3. They recognize multiple perspectives on the subject matter.
4. They emphasize active learning in an engaged environment that enables students to be producers as well as consumers of knowledge.
5. They promote critical inquiry into the assumptions, goals, and methods of various fields of academic study; they aim to develop the interpretive, analytic, and evaluative competencies characteristic of critical thinking.
Learning Objectives for General Education Humanities Courses
Humanities courses teach students to analyze and interpret texts, ideas, artifacts, and discourse systems, and the human values, traditions, and beliefs that they reflect.
1. Humanities courses enable students to demonstrate knowledge of the assumptions, methods of study, and theories of at least one of the disciplines within the humanities.
Depending on the discipline, humanities courses will enable students to demonstrate some or all of the following:
2. An understanding of the objects of study as expressions of the cultural contexts of the people who created them
3. An understanding of the continuing relevance of the objects of study to the present and to the world outside the university
4. An ability to employ the terms and understand the conventions particular to the discipline
5. An ability to analyze and assess the strengths and weaknesses of ideas and positions along with the reasons or arguments that can be given for and against them
6. An understanding of the nature of the texts, artifacts, ideas, or discourse of the discipline and of the assumptions that underlie this understanding, including those relating to issues of tradition and canon
Learning Objectives for General Education Regions
Courses in the General Education category of Regions Beyond Europe enable students to demonstrate
(Subject to Amendment)
essay of a traditional “mom and pop”.
8/28 – Overview of the geography, diversity and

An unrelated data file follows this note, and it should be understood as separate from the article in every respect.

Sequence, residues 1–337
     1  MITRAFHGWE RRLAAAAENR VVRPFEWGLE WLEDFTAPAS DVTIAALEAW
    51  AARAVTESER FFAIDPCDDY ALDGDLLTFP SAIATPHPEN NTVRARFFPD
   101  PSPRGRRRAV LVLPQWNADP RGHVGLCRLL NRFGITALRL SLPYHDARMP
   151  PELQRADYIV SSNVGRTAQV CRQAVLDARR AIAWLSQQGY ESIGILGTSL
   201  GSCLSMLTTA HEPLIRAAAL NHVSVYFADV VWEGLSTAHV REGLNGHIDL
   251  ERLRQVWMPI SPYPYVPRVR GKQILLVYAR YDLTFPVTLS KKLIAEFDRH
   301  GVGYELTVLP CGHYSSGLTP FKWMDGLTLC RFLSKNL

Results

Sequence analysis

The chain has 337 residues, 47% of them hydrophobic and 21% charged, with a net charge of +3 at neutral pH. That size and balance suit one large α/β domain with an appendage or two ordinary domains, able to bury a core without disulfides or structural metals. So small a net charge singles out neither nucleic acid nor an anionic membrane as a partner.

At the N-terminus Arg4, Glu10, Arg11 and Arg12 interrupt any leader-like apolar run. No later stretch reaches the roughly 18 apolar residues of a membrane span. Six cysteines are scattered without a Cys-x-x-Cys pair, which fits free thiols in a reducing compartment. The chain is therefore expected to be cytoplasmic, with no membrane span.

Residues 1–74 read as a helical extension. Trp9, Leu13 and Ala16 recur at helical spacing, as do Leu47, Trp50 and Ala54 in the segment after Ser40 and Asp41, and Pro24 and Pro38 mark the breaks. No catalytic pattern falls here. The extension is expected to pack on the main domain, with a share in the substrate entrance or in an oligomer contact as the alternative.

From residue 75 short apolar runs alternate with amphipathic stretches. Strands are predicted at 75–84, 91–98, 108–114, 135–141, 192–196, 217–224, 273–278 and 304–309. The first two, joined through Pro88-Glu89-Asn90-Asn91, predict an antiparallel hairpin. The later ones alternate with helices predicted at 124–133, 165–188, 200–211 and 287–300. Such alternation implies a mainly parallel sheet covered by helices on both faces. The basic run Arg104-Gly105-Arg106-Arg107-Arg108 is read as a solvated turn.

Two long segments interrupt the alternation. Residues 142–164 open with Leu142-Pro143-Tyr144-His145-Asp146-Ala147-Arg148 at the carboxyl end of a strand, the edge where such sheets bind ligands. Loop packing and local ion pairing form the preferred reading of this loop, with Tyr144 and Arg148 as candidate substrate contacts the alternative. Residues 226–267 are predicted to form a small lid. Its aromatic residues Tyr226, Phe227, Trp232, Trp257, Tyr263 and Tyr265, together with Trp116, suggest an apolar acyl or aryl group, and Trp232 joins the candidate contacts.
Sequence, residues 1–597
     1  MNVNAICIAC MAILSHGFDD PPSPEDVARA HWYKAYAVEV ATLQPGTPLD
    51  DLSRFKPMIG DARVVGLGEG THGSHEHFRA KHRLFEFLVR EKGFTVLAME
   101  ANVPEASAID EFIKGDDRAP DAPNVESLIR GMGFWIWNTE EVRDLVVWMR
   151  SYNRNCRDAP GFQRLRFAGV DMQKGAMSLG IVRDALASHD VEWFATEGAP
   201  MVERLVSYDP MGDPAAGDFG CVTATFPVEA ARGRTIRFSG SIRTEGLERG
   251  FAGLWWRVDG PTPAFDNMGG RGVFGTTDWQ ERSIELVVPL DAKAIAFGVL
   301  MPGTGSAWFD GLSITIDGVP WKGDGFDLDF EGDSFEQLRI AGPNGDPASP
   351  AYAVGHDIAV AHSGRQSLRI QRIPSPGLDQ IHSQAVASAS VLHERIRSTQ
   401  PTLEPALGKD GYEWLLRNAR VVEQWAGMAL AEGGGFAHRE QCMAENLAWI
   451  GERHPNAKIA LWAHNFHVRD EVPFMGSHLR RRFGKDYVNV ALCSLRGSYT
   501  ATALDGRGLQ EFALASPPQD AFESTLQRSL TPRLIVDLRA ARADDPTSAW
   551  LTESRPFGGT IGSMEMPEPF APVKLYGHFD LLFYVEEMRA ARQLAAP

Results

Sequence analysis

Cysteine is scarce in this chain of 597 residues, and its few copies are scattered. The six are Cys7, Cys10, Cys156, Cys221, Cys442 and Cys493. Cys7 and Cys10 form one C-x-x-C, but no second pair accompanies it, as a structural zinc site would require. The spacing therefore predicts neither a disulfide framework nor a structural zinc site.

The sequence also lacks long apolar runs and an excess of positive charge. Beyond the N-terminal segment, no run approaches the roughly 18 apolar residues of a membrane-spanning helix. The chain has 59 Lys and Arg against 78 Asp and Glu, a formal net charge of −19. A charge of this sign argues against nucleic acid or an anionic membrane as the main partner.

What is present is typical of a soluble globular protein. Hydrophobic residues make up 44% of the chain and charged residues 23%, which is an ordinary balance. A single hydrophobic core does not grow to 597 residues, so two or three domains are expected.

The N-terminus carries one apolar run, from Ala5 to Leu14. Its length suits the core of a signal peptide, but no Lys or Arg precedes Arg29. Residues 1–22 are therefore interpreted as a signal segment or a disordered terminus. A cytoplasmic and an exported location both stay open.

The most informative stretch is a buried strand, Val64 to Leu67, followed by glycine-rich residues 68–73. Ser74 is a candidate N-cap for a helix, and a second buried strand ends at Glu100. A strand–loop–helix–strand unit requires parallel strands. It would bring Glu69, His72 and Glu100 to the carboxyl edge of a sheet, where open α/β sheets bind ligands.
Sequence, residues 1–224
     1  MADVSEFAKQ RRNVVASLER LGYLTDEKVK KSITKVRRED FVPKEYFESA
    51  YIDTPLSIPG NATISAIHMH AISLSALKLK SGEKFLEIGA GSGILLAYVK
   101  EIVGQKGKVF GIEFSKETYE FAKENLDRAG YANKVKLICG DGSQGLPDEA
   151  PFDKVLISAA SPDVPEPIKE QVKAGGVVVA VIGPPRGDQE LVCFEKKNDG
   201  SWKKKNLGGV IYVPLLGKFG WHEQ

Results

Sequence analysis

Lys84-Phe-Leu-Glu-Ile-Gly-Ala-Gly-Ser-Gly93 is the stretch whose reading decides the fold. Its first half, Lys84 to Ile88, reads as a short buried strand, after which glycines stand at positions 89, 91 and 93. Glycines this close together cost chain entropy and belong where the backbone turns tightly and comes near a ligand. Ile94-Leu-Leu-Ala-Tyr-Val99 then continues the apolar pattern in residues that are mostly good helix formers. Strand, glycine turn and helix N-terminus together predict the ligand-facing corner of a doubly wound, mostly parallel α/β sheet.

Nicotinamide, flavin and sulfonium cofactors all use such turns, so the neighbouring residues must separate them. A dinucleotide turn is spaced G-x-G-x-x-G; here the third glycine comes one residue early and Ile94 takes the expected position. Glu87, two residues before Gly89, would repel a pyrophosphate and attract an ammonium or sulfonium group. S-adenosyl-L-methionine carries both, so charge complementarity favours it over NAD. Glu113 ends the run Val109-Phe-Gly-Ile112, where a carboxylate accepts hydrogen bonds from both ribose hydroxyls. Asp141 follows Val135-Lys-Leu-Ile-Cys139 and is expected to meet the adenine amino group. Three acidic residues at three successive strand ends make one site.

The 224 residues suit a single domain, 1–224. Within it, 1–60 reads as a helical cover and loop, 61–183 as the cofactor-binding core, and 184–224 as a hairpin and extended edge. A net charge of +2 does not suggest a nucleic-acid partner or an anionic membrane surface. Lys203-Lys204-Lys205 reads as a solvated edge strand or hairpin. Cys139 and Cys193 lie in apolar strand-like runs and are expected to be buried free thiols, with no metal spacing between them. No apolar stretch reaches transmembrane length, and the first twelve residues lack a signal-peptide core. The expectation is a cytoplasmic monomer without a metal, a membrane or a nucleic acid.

9/2 – View the film, “Nü Shu: a Hidden Language of
9/4 – Women in Chinese Antiquity (prehistory to the Qin dynasty)
Evidence of matrilineality (Images
of Women: pp.22-23 Jiangyuan; pp.144-147 “King Kaoli
9/9 – Development of patriarchy (p.47 “The Speech at Mu”; p.66 The Analect; pp.49-60 The Record of Rites). Femme fatale and the dynastic cycle (pp.159-161).
9/11 – Women’s role and lives (p.131 sericulture; pp.6-22 The Book of Odes/Poetry; pp.140-1 Stratagems of the Warring States; p.88, p.90 Discourses of the States).
9/16 – Women in Medieval China (the Han to the Five dynasties).
The yin and yang (pp.68-72; p.124). Women in the religious traditions (pp.191-4; pp.346-348; p.282; pp.291-3).
9/18 – Virtuous women (pp.150-5; pp.157-9; pp.177-88; pp.327-40; pp.438-9). Discussion: “The Princess of Suiyang and Scholar Tan” (pp.204-5)
9/23 – Power of the mother-in-law (pp.233-42). Famous women (pp.209-12; 421-3; 250-4).
9/25 – Quiz on the geography of
Women in Pre-Modern China (the Song to the end of the Qing dynasty)
Footbinding; female chastity; female
infanticide; concubinage; love for daughters
(pp.432-434); talented women (pp.435-436).
9/30 – NO CLASS
10/2 – Women in Chinese drama (ERes) and fiction: romantic beauties, virtuous ladies, femme fatales, ghosts (pp.204-5), spirits, shrews, romantics, martial women (pp.250-4; 205-6). Discussion of “Painted Skin” (ERes).
10/7 – Modern
10/9 – NO CLASS
10/14 – Modern
10/16 – Midterm Exam
10/21 – Overview
of the history of
10/23 – “The Tales of Ise” (pp.67-75); “Kokinshu” (pp.78-9); “Kagero Nikki” (Gossamer Years; pp.97-9); “The Pillow Book of Sei Shonagon” (pp.137-9)
10/28 – Continued.
10/30 – The Tale of Genji – film and novel. “Yugao” (pp.106-136).
11/4 – Continued.
11/6 – “The Lady Who Loved Insects” (pp.170-6).
11/11 – Presentations
11/13 – Presentations
11/18 – Medieval
11/20 – Medieval
11/25 – Film: Continued. Discussion of film (see ERes for questions). Deadly women in Medieval Japanese drama.
11/27 – NO CLASS
12/2 – “What the Seasons Brought to the Almanac-Maker” (pp.335-53).
12/4 – Modern